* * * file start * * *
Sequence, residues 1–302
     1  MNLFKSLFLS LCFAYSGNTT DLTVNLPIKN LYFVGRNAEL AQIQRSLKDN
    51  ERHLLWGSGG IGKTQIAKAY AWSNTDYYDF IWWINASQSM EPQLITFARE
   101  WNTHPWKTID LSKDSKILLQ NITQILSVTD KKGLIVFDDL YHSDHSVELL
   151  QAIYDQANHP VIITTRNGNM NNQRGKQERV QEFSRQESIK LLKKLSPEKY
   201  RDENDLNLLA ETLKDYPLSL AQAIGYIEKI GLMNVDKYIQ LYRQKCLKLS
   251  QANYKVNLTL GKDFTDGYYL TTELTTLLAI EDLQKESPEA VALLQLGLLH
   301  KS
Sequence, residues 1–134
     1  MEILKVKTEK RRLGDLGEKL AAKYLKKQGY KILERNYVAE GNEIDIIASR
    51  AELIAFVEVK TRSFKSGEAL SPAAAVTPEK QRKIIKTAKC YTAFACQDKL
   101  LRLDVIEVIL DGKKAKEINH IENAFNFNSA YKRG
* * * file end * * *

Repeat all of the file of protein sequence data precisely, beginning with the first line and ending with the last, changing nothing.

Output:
Sequence, residues 1–302
     1  MNLFKSLFLS LCFAYSGNTT DLTVNLPIKN LYFVGRNAEL AQIQRSLKDN
    51  ERHLLWGSGG IGKTQIAKAY AWSNTDYYDF IWWINASQSM EPQLITFARE
   101  WNTHPWKTID LSKDSKILLQ NITQILSVTD KKGLIVFDDL YHSDHSVELL
   151  QAIYDQANHP VIITTRNGNM NNQRGKQERV QEFSRQESIK LLKKLSPEKY
   201  RDENDLNLLA ETLKDYPLSL AQAIGYIEKI GLMNVDKYIQ LYRQKCLKLS
   251  QANYKVNLTL GKDFTDGYYL TTELTTLLAI EDLQKESPEA VALLQLGLLH
   301  KS
Sequence, residues 1–134
     1  MEILKVKTEK RRLGDLGEKL AAKYLKKQGY KILERNYVAE GNEIDIIASR
    51  AELIAFVEVK TRSFKSGEAL SPAAAVTPEK QRKIIKTAKC YTAFACQDKL
   101  LRLDVIEVIL DGKKAKEINH IENAFNFNSA YKRG